Are hand cut, plywood dove tails feasible?

Assuming you can get "good" plywood, i.e. not the brittle splinter-fest I've seen around, is dovetailing feasible?

I'd like to avoid using glue for the corner joins as I'd like to be able to dismantle it to transport it.

If they are feasible, any recommendations on what specs to look for? My assumptions having had a gander at the interwebs is:

  1. Use thick plywood so there is enough surface area for the dovetail to hold.

  2. Use some kind of backing board when cutting to minimise splintering at the edge of the cut (maybe cheaper plywood or MDF?)

  3. This is an assumption, but a very fine toothed dove tail saw

    This is the structure I am building (minis the horizontal supports, I know is won't hold up as is)

Overview design

It will be used as a computer desk.

  • 3
    I think we'd have to know what you are building. Bookshelves? A jewelry box? A staircase?
    – DA01
    Jul 1 '13 at 22:10
  • @DA01 Added the sketch above. Cheers,
    – BanksySan
    Jul 1 '13 at 22:58
  • @mike Do you think? I thought as long as the supports were stable it would hold. Where do you think the weakness would be?
    – BanksySan
    Jul 1 '13 at 23:17
  • I'm not sure how that all would be supported. That said, if the primary goal is disassembly, look into the hardware that flat-pack furniture is put together with (aka Ikea)
    – DA01
    Jul 1 '13 at 23:38

Dove tail joints are not a good option for any type of furniture that you would later hope to take back apart. Dove tails are designed to make a strong and attractive joint that is meant to be permanent.

For advice on how to create effective joints that are straight forward to put together and take apart take a study of the techniques used by kit furniture producers.

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The types of fastener hardware illustrated can be purchased from a number of on-line wood worker suppliers (leevalley, mcfeelys, woodcraft, rockler). Search for terms including "cam locks", "counter top connector", and "knock-down fasteners".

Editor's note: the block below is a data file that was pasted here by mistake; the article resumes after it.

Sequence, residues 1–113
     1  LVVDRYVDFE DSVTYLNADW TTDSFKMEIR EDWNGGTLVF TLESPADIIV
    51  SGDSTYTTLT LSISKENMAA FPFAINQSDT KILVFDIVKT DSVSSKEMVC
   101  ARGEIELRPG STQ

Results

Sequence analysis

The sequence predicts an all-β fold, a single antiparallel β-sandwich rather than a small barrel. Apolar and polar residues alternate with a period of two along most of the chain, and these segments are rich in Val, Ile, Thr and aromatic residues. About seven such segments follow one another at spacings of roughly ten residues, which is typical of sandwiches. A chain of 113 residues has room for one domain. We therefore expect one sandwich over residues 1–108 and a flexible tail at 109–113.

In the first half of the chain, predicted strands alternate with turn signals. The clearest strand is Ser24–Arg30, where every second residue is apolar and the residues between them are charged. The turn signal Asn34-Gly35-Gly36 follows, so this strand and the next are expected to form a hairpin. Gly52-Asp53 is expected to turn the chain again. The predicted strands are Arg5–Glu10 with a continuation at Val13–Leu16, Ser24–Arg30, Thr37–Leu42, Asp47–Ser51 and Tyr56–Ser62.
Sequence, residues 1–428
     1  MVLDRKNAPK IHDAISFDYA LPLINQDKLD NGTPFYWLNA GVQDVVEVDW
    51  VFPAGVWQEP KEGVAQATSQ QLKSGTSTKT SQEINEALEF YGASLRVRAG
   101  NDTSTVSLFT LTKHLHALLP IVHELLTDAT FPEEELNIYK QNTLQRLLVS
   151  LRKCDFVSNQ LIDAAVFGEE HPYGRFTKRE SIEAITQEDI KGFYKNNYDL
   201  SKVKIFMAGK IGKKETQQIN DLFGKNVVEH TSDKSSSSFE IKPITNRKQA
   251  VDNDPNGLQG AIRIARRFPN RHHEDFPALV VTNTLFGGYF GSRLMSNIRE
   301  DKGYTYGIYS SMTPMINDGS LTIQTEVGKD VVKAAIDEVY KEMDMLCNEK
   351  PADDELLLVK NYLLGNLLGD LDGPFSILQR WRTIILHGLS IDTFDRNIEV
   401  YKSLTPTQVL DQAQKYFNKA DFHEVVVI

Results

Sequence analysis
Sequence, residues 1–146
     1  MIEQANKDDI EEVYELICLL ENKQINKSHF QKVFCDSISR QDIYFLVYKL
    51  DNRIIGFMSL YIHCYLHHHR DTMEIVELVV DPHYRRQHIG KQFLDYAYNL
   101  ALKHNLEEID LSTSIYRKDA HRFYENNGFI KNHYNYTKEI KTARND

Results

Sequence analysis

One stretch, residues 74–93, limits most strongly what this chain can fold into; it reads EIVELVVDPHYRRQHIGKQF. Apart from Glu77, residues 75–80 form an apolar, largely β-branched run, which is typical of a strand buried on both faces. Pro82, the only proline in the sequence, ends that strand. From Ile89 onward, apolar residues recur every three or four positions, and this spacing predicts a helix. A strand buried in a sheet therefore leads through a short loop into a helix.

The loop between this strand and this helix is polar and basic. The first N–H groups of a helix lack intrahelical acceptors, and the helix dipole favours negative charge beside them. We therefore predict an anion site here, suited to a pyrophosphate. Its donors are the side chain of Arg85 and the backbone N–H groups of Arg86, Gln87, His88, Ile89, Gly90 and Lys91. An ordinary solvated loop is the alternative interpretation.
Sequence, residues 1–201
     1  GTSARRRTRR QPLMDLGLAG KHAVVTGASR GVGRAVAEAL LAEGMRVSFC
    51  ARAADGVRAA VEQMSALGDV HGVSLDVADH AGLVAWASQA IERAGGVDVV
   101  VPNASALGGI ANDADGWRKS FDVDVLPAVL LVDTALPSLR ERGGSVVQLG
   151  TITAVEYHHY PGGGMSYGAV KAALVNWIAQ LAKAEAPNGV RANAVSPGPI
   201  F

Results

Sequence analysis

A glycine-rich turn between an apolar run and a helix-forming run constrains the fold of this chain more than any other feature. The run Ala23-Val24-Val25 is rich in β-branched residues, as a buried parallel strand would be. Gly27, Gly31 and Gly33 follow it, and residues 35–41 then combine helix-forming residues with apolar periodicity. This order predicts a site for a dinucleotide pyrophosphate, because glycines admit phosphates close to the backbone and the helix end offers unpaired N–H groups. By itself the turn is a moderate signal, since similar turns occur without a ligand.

• Thanks, that's really helpful. I'm not planning on taking it apart often, maybe once or twice in its lifetime.
    – BanksySan
    Jul 2 '13 at 22:07

Dovetails are frequently cut in plywood, but they are typically done by machine. The resin between the plys will be very hard on the edge of your chisels and to a lesser extent the handsaw.

If you were gluing up this project I would say dovetails cut with a router and jig would be great. However if you need to be able to disassemble/reassemble dovetails are a poor choice. It will be hard to disassemble without damaging the dovetails - either breaking them off or deforming them and making the joints sloppy.

You may look into pocket screws as a possible alternative. Or use regular screws that would be visible and turn them into a design element.

I am assuming you are planning to support the horizontal surfaces by attaching them to the wall behind them. If not, you need to reconsider your overall design as there isn't any joint that will support the full weight on the unsupported end.

  • I looked at those as an alternative, would there be any downsides, I might be using thick plywood now? I'm wondering about the screws splitting the plywood and so not holding.
    – BanksySan
    Jul 1 '13 at 23:24
  • Screws will work fine as long as you predrill the holes.
    – JayL
    Jul 1 '13 at 23:28
  • sounds like a very feasible option then. Thanks.
    – BanksySan
    Jul 1 '13 at 23:30

Definitely a option but if you are dismantling it, I would use something like box joints. If you are planning on gluing it at some point and want more strength than box joints, I would do dovetail joints.

What you are trying to build would provide insight into what you should use.

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